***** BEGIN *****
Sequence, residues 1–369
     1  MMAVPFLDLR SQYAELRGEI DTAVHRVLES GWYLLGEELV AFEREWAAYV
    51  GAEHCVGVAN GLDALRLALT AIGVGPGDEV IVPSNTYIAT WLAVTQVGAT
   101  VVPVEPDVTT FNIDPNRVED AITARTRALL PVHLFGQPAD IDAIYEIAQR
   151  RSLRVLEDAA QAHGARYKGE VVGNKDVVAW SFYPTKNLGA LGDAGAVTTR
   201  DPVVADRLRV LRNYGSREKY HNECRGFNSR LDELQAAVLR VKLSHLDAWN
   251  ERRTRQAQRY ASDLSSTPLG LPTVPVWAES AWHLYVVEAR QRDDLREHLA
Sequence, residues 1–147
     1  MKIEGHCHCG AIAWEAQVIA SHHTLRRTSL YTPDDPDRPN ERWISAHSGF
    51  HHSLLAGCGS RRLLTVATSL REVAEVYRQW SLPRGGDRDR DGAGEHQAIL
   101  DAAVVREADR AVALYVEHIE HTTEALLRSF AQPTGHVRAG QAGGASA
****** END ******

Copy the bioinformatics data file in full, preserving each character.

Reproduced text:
Sequence, residues 1–369
     1  MMAVPFLDLR SQYAELRGEI DTAVHRVLES GWYLLGEELV AFEREWAAYV
    51  GAEHCVGVAN GLDALRLALT AIGVGPGDEV IVPSNTYIAT WLAVTQVGAT
   101  VVPVEPDVTT FNIDPNRVED AITARTRALL PVHLFGQPAD IDAIYEIAQR
   151  RSLRVLEDAA QAHGARYKGE VVGNKDVVAW SFYPTKNLGA LGDAGAVTTR
   201  DPVVADRLRV LRNYGSREKY HNECRGFNSR LDELQAAVLR VKLSHLDAWN
   251  ERRTRQAQRY ASDLSSTPLG LPTVPVWAES AWHLYVVEAR QRDDLREHLA
Sequence, residues 1–147
     1  MKIEGHCHCG AIAWEAQVIA SHHTLRRTSL YTPDDPDRPN ERWISAHSGF
    51  HHSLLAGCGS RRLLTVATSL REVAEVYRQW SLPRGGDRDR DGAGEHQAIL
   101  DAAVVREADR AVALYVEHIE HTTEALLRSF AQPTGHVRAG QAGGASA